(at table from left to right): Sace Elder, Bonnie Laughlin-Schultz, Anita Shelton, Jinhee Lee, Martin Hardeman, Charlie Foy, (standing from left to right): Michael Shirley, Bailey Young, David Smith, Brian Mann, Roger Beck, Lynne Curry, Newton Key, Malgorzata Rymsza-Pawlowska, Edmund Wehrle, Nora Pat Small, Mark Hubbard, Debra Reid, Lee Patterson, Terry Barnhart, Joy Kammerling, (not pictured): Jose Deustua
Sace E Elder
Professor, Graduate Coordinator
Office: 2542 - Coleman Hall
Frequently Taught Courses
- Fall 2015: HIS 5400: Problems in Human Rights History
- Summer 2015: History and Memory in the New Germany (Study Abroad in Berlin and Munich)
- HIS 5430: Readings in Modern German History
- HIS 4845: Women and Gender in Modern Europe (cross-listed with Women's Studies)
- HIS 4775: The Nazi Past in German Film
- HIS 3450: Modern Germany
- HIS 3555: Modern World History
- HIS 3415: World War I
- HIS 2500: Historical Research and Writing
- WST 2309: Women, Men, and Culture
- HIS 1521: Human Rights in History
EducationPh. D., Illinois, Urbana-Champaign
Professional OrganizationsCo-Coordinator, Law and Legal Cultures Interdisciplinary Network, German Studies Association
ResearchMy research focuses on the social and cultural history of violence and crime in late nineteenth and twentieth-century Germany. My current book project deals with the campaign against cruelty to children in Germany from the Wilhelmine to the Nazi periods. I am particularly interested in the ways in which child protectionists renegotiated the limits of acceptable violence (physische Gewalt) in German society, as well as challenged the legal and cultural terms of parental authority (elterliche Gewalt). This research has developed out of my first book project, Murder Scenes: Normality, Deviance, and Criminal Violence in Weimar Berlin (The University of Michigan Press, June 2010), which examines the role of murder in Weimar diagnoses of social crisis and urban modernity and demonstrates the interaction of the press, the police, and ordinary Berliners in creating a public culture of policing and surveillance.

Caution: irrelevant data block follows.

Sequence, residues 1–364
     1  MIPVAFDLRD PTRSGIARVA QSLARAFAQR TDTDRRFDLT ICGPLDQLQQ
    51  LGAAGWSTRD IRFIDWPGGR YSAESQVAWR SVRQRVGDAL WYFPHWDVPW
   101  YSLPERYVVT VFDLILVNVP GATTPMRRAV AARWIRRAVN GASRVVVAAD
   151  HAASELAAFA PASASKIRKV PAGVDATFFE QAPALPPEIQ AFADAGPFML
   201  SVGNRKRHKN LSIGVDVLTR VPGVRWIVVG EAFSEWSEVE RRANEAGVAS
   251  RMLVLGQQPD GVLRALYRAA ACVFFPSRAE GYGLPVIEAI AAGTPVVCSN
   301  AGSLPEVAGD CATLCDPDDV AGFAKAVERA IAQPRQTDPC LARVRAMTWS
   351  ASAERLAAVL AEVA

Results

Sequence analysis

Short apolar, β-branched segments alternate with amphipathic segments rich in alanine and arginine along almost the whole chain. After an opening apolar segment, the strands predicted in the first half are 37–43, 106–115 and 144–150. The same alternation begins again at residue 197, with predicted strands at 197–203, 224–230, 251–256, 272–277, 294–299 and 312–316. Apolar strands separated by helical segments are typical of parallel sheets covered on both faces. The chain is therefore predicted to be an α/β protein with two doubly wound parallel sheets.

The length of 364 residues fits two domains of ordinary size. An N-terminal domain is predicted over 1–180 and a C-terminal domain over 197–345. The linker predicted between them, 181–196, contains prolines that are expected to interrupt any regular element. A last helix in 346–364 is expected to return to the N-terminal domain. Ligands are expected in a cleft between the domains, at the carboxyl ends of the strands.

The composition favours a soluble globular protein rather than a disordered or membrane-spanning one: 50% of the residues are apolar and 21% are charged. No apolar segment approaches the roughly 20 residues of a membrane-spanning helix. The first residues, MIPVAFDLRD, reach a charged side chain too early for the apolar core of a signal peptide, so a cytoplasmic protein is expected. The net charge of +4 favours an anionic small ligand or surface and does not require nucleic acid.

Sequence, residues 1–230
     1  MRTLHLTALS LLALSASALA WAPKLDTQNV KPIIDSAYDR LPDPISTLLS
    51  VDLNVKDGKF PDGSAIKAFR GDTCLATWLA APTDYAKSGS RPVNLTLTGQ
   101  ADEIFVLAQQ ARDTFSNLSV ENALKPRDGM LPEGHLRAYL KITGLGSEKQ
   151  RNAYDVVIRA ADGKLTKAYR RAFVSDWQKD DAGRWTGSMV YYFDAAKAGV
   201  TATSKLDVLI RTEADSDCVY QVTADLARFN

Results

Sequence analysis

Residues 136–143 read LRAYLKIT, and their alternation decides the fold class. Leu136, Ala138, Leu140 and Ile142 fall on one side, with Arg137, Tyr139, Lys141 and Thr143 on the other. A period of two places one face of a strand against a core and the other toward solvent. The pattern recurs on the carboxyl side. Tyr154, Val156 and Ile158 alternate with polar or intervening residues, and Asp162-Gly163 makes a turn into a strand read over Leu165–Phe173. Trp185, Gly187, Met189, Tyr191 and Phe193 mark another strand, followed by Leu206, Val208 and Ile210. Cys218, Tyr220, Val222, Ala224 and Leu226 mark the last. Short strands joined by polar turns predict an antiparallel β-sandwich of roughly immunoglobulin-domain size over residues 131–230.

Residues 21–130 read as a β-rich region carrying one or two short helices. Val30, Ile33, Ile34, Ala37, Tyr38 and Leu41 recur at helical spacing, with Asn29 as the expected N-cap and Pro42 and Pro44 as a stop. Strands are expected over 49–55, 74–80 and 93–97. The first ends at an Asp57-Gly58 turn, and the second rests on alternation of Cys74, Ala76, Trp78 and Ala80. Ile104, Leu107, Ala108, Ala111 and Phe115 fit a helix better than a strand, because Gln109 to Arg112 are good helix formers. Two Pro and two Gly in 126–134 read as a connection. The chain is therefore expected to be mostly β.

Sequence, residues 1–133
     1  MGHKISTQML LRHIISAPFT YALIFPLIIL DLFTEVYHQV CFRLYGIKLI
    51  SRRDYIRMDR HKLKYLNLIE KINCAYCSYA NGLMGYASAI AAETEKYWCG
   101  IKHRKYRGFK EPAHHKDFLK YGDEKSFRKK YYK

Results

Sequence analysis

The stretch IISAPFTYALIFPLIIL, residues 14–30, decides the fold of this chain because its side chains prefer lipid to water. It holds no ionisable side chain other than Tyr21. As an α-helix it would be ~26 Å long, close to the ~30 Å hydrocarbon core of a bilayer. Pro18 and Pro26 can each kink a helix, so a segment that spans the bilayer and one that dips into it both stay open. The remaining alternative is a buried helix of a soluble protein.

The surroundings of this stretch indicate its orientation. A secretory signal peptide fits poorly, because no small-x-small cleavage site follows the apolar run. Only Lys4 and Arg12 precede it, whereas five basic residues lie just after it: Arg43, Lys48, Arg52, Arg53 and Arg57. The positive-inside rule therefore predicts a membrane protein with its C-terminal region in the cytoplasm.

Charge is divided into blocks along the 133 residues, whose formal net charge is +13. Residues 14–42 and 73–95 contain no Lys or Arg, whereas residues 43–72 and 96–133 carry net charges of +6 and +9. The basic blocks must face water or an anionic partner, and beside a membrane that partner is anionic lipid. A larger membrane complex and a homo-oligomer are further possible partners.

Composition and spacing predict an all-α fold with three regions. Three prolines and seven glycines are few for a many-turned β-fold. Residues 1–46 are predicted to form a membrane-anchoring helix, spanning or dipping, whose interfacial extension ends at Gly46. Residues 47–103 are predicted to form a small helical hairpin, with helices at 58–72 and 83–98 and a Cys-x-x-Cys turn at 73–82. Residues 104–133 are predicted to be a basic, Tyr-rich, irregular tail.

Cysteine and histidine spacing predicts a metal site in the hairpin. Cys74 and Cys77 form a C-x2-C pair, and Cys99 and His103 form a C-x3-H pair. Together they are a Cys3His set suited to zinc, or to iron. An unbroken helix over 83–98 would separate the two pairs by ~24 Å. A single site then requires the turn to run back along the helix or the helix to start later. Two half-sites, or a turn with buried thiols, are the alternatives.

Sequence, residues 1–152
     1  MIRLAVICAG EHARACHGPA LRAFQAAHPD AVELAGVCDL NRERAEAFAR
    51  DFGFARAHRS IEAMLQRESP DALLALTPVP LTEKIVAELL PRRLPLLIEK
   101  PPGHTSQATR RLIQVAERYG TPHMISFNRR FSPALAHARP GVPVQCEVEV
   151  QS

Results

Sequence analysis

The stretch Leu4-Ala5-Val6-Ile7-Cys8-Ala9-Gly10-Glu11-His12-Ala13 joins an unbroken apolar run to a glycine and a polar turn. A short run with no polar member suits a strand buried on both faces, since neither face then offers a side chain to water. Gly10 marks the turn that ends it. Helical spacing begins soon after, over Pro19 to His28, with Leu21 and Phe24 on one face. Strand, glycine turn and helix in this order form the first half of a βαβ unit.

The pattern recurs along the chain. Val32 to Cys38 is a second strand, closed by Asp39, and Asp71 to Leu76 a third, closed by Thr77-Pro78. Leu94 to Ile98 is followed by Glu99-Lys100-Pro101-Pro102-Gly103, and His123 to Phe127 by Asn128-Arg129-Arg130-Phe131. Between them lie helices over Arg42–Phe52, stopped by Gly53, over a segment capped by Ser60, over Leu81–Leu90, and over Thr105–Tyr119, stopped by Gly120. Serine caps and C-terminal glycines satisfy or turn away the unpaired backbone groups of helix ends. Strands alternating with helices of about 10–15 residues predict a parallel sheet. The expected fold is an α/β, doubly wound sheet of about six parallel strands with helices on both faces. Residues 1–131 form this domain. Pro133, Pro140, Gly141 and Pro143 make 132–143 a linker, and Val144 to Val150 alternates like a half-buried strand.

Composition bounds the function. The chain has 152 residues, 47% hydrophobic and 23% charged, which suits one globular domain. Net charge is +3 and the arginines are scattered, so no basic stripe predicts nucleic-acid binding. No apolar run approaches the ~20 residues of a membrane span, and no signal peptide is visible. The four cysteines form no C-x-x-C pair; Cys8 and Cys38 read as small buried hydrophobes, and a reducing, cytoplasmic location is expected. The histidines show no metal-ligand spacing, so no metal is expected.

- Murder Scenes: Normality, Deviance, and Criminal Violence in Weimar Berlin, Social History, Popular Culture, and Politics in Germany (The University of Michigan Press, 2010).
- “A Right to Beat a Child? Corporal Punishment and the Law in Wilhelmine Germany” Central European History 47, no. 1 (March 2014): 54-75.
- “’Prostitutes, Respectable Women, and Women from Outside:’ The Carl Grossmann Sexual Murder Case in Postwar Berlin,” in Crime and Criminal Justice in Modern Germany, ed. Richard Wetzell, (Oxford: Berghahn Books, 2014).
- “Murder, Denunciation, and Criminal Policing in Weimar Berlin,” Journal of Contemporary History 41, no. 3 (July 2006): 401-419.
Selected Conference Presentations
- “De-privatization of violence? Corporal Punishment in Weimar Germany,” German Studies Association Conference, Milkwaukee, WI, 4-7 October 2012
- “Crime Against the Child: The Criminalization of Physical Abuse in Wilhelmine Germany,” “Crime and Punishment in Modern Europe,” a conference held at the German Historical Institute, Washington, D.C., 10-11 March 2011
- “Children, Violence, and the Law in Germany, 1890-1933,” German Studies Association Conference, Oakland, CA, 7-10 October 2010